‘We Are Young’: Being Young Sucks, Growing Up Sucks
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Youth can be brutal. When our elders tell us not to squander youth, they’re both right and wrong. On one hand youth grants us the ability to shake off just about any type of damage with relative ease. The young bounce back quickly with little to no recovery time. It’s in part what makes being young great. This idea of invulnerability that is insanely misguided yet entirely believable when you are at that age.
On the other hand (the hand we loathe to think about), that same sense of being impenetrable leaves the young struggling with the concept that nothing is forever. Even when invincible, we feel time slipping away to a place where our hasty choices leave us tired and full of regret. With this comes the pressure to constantly be living life to its fullest. We’re told not to waste our youth so we’ll make damn sure we burn bright before winking out.
“We Are Young” from director, producer, and writer Alex Richanbach is much about that very fear as much as it is about the Los Angeles dating scene. It’s a 90-minute film filled with midnight road trips and impromptu romances. But more than anything, “We Are Young” is a movie about the gauntlet that is trying to savor every moment of your youth.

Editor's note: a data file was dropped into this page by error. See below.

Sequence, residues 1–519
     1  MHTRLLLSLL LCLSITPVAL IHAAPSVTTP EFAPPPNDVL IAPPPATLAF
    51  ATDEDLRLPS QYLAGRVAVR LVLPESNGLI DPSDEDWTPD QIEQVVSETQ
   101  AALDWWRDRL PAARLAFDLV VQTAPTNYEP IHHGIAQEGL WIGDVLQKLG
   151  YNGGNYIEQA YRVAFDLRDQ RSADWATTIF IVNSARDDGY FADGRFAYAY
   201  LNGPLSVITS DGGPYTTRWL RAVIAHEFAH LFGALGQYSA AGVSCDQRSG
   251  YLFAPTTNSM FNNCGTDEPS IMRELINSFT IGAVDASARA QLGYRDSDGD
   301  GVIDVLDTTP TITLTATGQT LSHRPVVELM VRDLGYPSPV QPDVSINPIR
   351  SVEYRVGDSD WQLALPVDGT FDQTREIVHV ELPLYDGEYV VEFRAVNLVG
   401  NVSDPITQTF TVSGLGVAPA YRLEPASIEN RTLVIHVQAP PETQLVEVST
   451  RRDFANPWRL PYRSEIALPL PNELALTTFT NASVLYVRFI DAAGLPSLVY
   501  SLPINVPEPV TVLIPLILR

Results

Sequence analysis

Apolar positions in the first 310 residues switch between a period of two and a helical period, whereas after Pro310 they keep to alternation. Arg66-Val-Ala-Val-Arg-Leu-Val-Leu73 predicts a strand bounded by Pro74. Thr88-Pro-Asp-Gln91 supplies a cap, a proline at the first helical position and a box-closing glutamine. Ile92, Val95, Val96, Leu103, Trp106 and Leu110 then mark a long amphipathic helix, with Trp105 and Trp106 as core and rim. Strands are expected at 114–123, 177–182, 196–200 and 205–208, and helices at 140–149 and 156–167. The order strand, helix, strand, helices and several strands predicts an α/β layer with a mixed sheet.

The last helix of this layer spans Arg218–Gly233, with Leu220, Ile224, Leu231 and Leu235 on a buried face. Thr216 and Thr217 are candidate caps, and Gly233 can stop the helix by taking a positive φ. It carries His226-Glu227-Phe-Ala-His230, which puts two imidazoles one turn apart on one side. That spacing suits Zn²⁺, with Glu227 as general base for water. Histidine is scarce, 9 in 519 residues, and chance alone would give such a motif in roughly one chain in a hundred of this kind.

Hosted free-to-view at Funny or Die before its theatrical debut in one week, “We Are Young” follows two bachelors as they navigate the troubled waters of love in LA. If one had to cage the film into a genre, the best way to describe it would be a romantic comedy. But unlike your typical rom-coms, “We Are Young” directs its lens at the doldrum that is going from date to date, romance to romance. It’s not fun to watch sometimes, but it’s spot on.
Funny or Die would be a strange place for “We Are Young” to exist if it weren’t for two factors, the first being that Richanbach is now a director and writer for the comedy site, and the second having to do with the fact that “We Are Young,” despite its moments of somber truth, is filled with witty, razor-sharp dialogue. Not every moment in this film is a laugh-out-loud — and to be fair that did not seem to be Richanbach’s goal — however, when “We Are Young” means to be funny, it shines.
Ultimately, “We Are Young” is a solid filmmaking effort from a talented writer and director. It echoes of something Noah Baumbach would have done at the start of his career — “The Squid and the Whale,” only much less devastating. It’s an earnest look at a slice of LA life that is ugly, beautiful, and often destructive. “We Are Young” is an ode to youth as much as it is a farewell to it. Sure, being young sucks sometimes, but that’s only when you slow down enough to realize it.Tags: Alex Richanbach, funny or die, We Are Young